Love never brings fear, for fear is always related to punishment. But love’s perfection drives the fear of punishment far from our hearts. Whoever walks constantly afraid of punishment has not reached love’s perfection.

1 John 4:18, The Passion Translation

Rosa Parks

Today is the birthday of Rosa Parks.

On the 1st of December 1955, Rosa Parks’ polite refusal to give up her bus seat sparked a protest movement that changed the United States of America.

Rosa’s journey that Thursday began like many others. She finished work, boarded a bus home, and sat just behind the seating reserved for Caucasian passengers. After a few stops, the bus began to fill up. When the driver saw a white man standing, he told Rosa, and three other African Americans, to give up their seats.

Rosa refused.

The police arrived and told Mrs Parks that if she didn’t move, she would be arrested. Rosa defied cultural, legal and social pressure by responding, ‘You may do that.’

Inspired by Rosa’s arrest, the Montgomery bus boycott began and lasted more than a year. This simple act of non-violent protest attracted national attention and set into motion a change in the law of the land.

Sharing her memories of that famous day to the Academy of Achievement’s 1995 gathering in Virginia, USA, Rosa Parks said, ‘As I look back on those days, it’s just like a dream and the only thing that bothered me was that we waited so long to make this protest, and to let it be known that wherever we go, all of us should be free and equal and should have all opportunities that others should have.’

Rosa was influenced by her mother, a school teacher, who passionately believed in the equal value of all people. She was also close to her grandparents, who were born before slavery was abolished in the US. So when faced with her own decision to comply with what was legal but deeply morally wrong, or to defy authority and stand up (or in this case, stay seated) for what was just and right, the answer seemed inevitable.

Rosa, with the history and passions of generations behind her, chose justice for herself, and for all African Americans.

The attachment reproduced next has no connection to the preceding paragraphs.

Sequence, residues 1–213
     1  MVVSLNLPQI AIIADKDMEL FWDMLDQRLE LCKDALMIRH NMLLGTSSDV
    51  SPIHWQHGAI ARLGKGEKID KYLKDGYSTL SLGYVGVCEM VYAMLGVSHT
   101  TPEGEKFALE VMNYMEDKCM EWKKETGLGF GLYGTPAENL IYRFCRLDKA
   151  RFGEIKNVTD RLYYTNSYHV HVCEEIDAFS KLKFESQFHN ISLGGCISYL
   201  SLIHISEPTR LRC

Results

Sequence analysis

What is the legacy of my family? Lord, please show me what compassion, respect and justice I can take forward from generations past, as well as what injustices or prejudices I can break away from.

What people groups are oppressed in my nation today? Who does not experience the same freedom, respect or opportunities as others? Lord, I ask You to fight for them. Show me how to pray and act to improve their lives.

The author Parker J. Palmer wrote: ‘You and I may not have Rosa Park’s particular battle to fight… But if the Rosa Parks story is to help us discern our own vocations, we must see her as the ordinary person she is. That will be difficult to do because we have made her into super-woman – and we have done it to protect ourselves. If we can keep Rosa Parks in a museum as an untouchable icon of truth, we will remain untouchable as well: we can put her up on a pedestal and praise her, world without end, never finding ourselves challenged by her life.’

These are challenging words. Many issues of injustice seem too big for me to tackle. What difference can little old me make to human trafficking, the exploitation of factory workers in developing countries, or the fatal effects of climate change in some nations? Some injustices are so overwhelming that I do nothing, because I can’t do everything.

When Rosa Parks made the brave decision to stay seated, I doubt she knew the domino effect it would have. She made the choice in front of her – she made the stand she could. God used that decision to bring the civil rights movement to the attention of her nation.

Lord, I confess that I sometimes allow the enormity of injustice to paralyse me. Today, Holy Spirit, show me the choices that have the power to make a difference – no matter how seemingly small. Guide me as I read, shop, pray, work and more. Show me the battle You want me to fight to see Your kingdom come and Your will be done for all people.

Carla Harding, Lectio 365.

Continue reading “Rosa Parks”